The 2019 edition of Rando Cyclos, held at Sars Poteries in north-eastern France just by the Belgian border, was the 28th year this fabulous rally has been held. Despite an unpromising few days (cold, damp) before the rally weekend it turned out to be a real scorcher on the day, with temperatures around 30 degrees. The British contingent, nearly all of whom are NACC members, turned out in force, with the official count being 25 in total. The run itself, following a substantial lunch at the Salle Communale, was 50kms long and meandered north to the outskirts of Maubeuge, bypassing Jeumont and then heading down the long Thure river valley to the old customs post at Hestrud, then turning east along more familiar routes back to Sars Poteries again.
The NACC team were well rewarded by the organisers: Josie Stanley won a prize for her bright yellow New Hudson autocycle, Nick Devonport for his Tuk-tuk, Mike Hele for his superb Dresco/Sachs tandem, Martin Preston for his dans son jus Phillips Powered Bicycle and John Burgess for his Francis Barnett Powercycle.
A full report will be in August’s Buzzing, but in the mean time a few photos here give a flavour of the long weekend.
Barry Cooksley was unfortunately badly injured on April 14th when he crashed on his bike while out with 10 fellow section members on one of their runs near Ogmore by Sea. Barry came off his bike (no other vehicle was involved) and landed hard on the road, cracking the rear of his helmet and injuring the back of his head. He was unconscious and had to be airlifted to hospital. He is making a slow recovery and is improving every day but it might be a while before he is back in the saddle. Thanks to Ray Butcher and Ivor Slade of the Vale of Glamorgan group for the information; I’m sure all NACC members wish Barry a speedy recovery and hope to see him back in action soon.
The bi-annual NACC stand at the Stafford shows, superbly organised by Liz Butler & Bob Terry of the South Staffs Section, won an unexpected award for the sheer variety of machines displayed! They were; John Young’s NVT Easy Rider, John Burgess’s 1957 Leopard Bobby 5, Neil Howell’s 1950 ex-Keith Walker Bown autocycle (which gained a Highly Commended rosette), Simon Lake’s Puch VZ50, Rob Hirons’ 1948 Brockhouse Corgi, Ian McGregor’s Solex 6000, Nick Devonport’s Motobécane Mobyx X7VL, Bob Jeffcoat’s newly-restored Norman Cyclemate and Dave Beare’s ex-John Hook Dawes/Bernardi Buzz cyclemotor. Read all about the show and the bikes in the June issue of Buzzing!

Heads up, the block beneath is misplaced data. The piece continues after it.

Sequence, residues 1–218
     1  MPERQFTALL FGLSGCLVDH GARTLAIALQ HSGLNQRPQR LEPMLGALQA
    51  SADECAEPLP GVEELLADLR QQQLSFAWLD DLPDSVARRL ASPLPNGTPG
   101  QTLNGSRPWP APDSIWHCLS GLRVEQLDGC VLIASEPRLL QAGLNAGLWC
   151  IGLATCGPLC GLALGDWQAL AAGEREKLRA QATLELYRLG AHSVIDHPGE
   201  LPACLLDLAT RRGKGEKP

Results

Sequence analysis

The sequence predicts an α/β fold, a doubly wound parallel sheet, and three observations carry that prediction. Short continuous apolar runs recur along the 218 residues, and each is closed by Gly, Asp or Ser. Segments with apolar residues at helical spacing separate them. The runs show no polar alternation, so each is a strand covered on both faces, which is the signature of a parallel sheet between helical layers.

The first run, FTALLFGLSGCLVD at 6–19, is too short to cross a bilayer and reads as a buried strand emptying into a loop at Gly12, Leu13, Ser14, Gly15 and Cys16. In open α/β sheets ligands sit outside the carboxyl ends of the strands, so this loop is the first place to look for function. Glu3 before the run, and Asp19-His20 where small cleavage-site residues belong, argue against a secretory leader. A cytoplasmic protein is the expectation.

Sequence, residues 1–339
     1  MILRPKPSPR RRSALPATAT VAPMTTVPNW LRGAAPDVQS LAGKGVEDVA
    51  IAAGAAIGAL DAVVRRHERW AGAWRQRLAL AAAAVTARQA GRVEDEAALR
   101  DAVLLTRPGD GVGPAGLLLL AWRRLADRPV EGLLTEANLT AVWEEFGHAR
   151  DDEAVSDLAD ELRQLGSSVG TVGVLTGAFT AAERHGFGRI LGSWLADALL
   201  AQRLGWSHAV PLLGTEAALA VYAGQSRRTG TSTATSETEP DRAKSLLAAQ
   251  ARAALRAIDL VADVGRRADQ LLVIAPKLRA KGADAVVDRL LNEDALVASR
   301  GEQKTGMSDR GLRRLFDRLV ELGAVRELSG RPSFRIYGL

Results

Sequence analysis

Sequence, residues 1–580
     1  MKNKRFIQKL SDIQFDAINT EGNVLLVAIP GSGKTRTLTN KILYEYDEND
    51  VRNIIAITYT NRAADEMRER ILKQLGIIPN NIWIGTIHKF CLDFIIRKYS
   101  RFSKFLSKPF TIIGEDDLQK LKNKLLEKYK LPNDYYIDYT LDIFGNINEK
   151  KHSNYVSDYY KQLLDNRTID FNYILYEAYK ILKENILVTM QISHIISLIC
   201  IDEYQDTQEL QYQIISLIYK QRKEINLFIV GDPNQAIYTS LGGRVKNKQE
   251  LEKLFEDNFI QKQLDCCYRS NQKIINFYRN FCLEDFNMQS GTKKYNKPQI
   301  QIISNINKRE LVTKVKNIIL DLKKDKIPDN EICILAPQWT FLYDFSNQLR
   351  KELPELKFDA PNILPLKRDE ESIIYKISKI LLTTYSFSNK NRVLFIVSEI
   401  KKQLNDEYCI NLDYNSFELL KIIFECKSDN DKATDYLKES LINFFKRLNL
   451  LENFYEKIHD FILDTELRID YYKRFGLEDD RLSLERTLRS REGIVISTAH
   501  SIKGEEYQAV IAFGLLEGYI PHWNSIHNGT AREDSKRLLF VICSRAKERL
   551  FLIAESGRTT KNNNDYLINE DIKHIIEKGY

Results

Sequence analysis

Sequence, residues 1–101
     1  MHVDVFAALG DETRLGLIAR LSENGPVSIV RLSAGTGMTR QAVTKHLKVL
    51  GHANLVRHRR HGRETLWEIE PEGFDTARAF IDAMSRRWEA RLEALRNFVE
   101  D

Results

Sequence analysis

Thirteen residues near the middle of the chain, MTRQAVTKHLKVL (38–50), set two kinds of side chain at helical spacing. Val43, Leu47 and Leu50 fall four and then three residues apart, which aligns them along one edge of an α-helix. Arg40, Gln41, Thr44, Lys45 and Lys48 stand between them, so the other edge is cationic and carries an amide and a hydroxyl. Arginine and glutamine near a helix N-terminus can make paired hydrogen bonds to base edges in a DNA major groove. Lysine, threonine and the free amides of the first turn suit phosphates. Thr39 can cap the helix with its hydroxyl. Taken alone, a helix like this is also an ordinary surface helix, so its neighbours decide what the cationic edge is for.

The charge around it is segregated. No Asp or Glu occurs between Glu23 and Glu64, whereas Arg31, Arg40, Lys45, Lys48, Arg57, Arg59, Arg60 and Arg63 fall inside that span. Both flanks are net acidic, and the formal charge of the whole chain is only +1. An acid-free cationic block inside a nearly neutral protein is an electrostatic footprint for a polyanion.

Good news regarding the cancelled As It Was Buzz cyclemotor-only run. Originally planned to start from The Royal Oak in Pewsey, organiser Colin King decided to cancel the 2019 event due to the atrocious state of the lanes used for the route and the unlikelihood of them being resurfaced in time for our run. However Robin Cork, the Thames Valley Group coordinator, has found an alternative route for Saturday 22nd June run, now called the Hampshire As It Was Buzz, which will start from The Four Horseshoes, 1 Haygate, Long Sutton, Nr. Hook RG29 1TA, the same starting point for the following day’s Odiham Run. So the As It Was Buzz is saved! Same date but different venue.
Robin has added the following information for riders;